Equity Strategy Monthly: Earnings Season Surprises Again

Hot on the heels of both an energy crisis and a banking crisis, this quarter’s earnings season was always going to prove exciting, and it didn’t disappoint

Michael Field, CFA 11 May, 2023 | 11:10AM
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View across London Bridge

"It was the best of times, it was the worst of times" is a quote that crops up in every other earnings note. This earnings season, the cliché fits.

With inflation still high across the Eurozone, much of the success or failure of consumer and industrial stocks came down to their ability to effectively pass through cost increases.

Likewise, falling energy prices meant bad news generally for energy companies. Although given the 2022 they had, can anyone have too much sympathy? Lastly, the banking sector generally outperformed (low) expectations, with rising interest rates a boon in many instances for banks.

After the crisis in March, the banking sector was undoubtedly the most heavily scrutinised going into earnings season, and it didn’t disappoint. Ignoring the ongoing debacle in Switzerland, with UBS (UBSG) now tasked with the herculean effort of integrating Credit Suisse, and deposit flows volatile as investors rebalance their cash portfolios, updates from the sector were reassuringly dull.

Large banks including Barclays (BARC) and Deutsche (DBK) reported solid updates. Rising interest rates have allowed banks to generate stronger profits, as the gap between borrowing and lending rates rises.

Although rising rates can prove a double-edged sword, as bad debts can also rise, mortgage market products, which have been a tough place to operate for the last few years, should recover strongly over the rest of the year. Importantly, banks remain well capitalised, with our chart below showing that every large bank under our coverage has surplus capital, above and beyond central bank requirements.

banks' surplus capital levels

Once the top-performing sector in Europe in 2022, the energy sector finally saw a slump in the first quarter of the year as falling energy prices dragged down revenues and profits. This shouldn't come as a surprise to anyone – the energy price spike that began with the Ukraine war was never going to last forever, and energy prices have been waning since late 2022.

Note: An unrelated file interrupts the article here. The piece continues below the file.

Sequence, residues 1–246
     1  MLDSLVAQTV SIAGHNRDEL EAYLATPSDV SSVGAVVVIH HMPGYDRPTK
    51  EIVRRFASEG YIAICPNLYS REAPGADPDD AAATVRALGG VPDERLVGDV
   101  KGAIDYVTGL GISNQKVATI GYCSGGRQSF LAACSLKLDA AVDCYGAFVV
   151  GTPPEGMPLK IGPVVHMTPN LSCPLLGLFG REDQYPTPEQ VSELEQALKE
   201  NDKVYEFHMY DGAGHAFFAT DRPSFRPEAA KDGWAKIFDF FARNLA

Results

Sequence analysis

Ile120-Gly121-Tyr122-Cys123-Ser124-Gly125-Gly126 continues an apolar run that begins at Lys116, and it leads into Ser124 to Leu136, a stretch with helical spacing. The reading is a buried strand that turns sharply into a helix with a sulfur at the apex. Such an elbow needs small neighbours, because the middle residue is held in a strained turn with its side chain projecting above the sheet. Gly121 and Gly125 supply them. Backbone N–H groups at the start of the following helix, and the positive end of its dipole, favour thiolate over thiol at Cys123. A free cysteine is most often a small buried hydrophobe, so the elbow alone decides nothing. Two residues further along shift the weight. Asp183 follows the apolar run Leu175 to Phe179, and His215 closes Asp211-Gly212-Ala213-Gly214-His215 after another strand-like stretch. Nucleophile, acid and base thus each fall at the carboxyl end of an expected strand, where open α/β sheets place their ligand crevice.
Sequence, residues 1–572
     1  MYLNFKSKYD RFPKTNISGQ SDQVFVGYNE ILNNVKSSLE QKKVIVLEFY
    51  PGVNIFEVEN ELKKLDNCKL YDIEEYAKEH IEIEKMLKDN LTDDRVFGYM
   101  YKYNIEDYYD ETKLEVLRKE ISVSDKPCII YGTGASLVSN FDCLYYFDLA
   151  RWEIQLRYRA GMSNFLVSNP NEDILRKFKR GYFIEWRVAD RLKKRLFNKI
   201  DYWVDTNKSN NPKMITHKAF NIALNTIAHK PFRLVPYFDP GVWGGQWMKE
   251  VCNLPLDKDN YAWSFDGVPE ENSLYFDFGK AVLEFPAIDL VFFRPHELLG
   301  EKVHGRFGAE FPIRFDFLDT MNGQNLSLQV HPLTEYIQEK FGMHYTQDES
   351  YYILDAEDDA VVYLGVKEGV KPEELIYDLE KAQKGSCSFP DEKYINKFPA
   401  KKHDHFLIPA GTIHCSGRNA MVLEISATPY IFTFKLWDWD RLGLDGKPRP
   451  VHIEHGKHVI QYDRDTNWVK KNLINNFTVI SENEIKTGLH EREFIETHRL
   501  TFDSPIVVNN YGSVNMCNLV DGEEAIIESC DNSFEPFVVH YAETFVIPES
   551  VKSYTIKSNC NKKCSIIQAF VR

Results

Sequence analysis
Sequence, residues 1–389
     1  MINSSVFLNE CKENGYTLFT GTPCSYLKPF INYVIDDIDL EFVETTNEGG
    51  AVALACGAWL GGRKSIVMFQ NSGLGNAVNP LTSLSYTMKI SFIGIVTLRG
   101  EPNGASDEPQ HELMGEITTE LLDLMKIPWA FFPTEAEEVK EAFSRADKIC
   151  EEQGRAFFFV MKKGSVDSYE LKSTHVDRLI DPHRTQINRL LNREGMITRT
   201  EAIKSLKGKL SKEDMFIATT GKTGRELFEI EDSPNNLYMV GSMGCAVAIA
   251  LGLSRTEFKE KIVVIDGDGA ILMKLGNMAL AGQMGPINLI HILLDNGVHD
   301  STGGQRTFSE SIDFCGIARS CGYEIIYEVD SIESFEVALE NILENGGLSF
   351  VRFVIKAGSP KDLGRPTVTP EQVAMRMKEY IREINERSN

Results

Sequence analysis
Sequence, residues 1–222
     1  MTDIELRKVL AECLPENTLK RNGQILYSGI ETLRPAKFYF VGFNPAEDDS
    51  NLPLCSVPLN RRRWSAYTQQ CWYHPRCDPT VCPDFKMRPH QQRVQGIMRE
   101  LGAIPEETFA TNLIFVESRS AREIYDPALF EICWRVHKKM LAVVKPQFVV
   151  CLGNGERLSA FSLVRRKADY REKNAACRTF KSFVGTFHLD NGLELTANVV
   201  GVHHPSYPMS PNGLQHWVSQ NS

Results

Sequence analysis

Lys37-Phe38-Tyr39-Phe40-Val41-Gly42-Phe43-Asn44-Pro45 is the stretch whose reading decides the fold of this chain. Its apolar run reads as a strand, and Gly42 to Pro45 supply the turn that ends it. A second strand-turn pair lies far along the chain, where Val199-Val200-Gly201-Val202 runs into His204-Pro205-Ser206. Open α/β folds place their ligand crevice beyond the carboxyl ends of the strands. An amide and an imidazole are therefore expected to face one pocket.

Shell (SHEL), Eni (ENI) and big oil peers' revenues fell as a result. However, there were some bright spots. First, operating costs are falling in tandem with revenues. Second, the cost of replacing the oil and gas taken out of the ground is also falling. Both of these elements improve the chances oil majors will retain profitability even at lower price levels.

Inflation across the Eurozone has been running at elevated levels for more than a year now. Although the headline rate has fallen from its peak late last year, core inflation (what we’re left with when we strip out food and energy) is still stubbornly high.

Make no mistake, this is having an effect on businesses. For firms that sell basic, commoditised products, the first quarter of the year has been tough. Phone and internet providers like KPN (KPN) have seen operating margins fall as high competition holds them back from price increases that cover higher costs. Associated British Foods (ABF), owner of retailer Primark, saw margins fall even harder as management made the decision to absorb price increases rather than risk losing customers.

Many of the Moaty names we cover – those with pricing power – have been able to pass these price increases on to the end customer, allowing them to keep profitability steady.

Luxury goods retailers like LVMH (MC) and Hermes (RMS) are fine examples of this; both saw revenues rise by double digits as wealthy individuals, unencumbered by rising prices, splashed out. Likewise, specialised industrial firms like Alfa Laval (ALFA), ABB (ABBN) and CRH (CRH) have managed to push price increases through in a timely fashion. Trees can’t grow to the sky though, and if inflation remains sticky for the remainder of 2023, these firms will find their ability to pass through price increases tested.

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The information contained within is for educational and informational purposes ONLY. It is not intended nor should it be considered an invitation or inducement to buy or sell a security or securities noted within nor should it be viewed as a communication intended to persuade or incite you to buy or sell security or securities noted within. Any commentary provided is the opinion of the author and should not be considered a personalised recommendation. The information contained within should not be a person's sole basis for making an investment decision. Please contact your financial professional before making an investment decision.

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Securities Mentioned in Article

Security NamePriceChange (%)Morningstar
Rating
Alfa Laval AB382.10 SEK0.74Rating
Barclays PLC163.74 GBX0.04Rating
Deutsche Bank AG12.39 EUR1.13Rating
Eni SpA14.26 EUR0.18Rating
Lvmh Moet Hennessy Louis Vuitton SE850.10 EUR1.15Rating
Shell PLC2,494.00 GBX-0.50Rating
UBS Group AG24.72 CHF0.37Rating

About Author

Michael Field, CFA

Michael Field, CFA  Michael Field is Morningstar's European Equity Strategist

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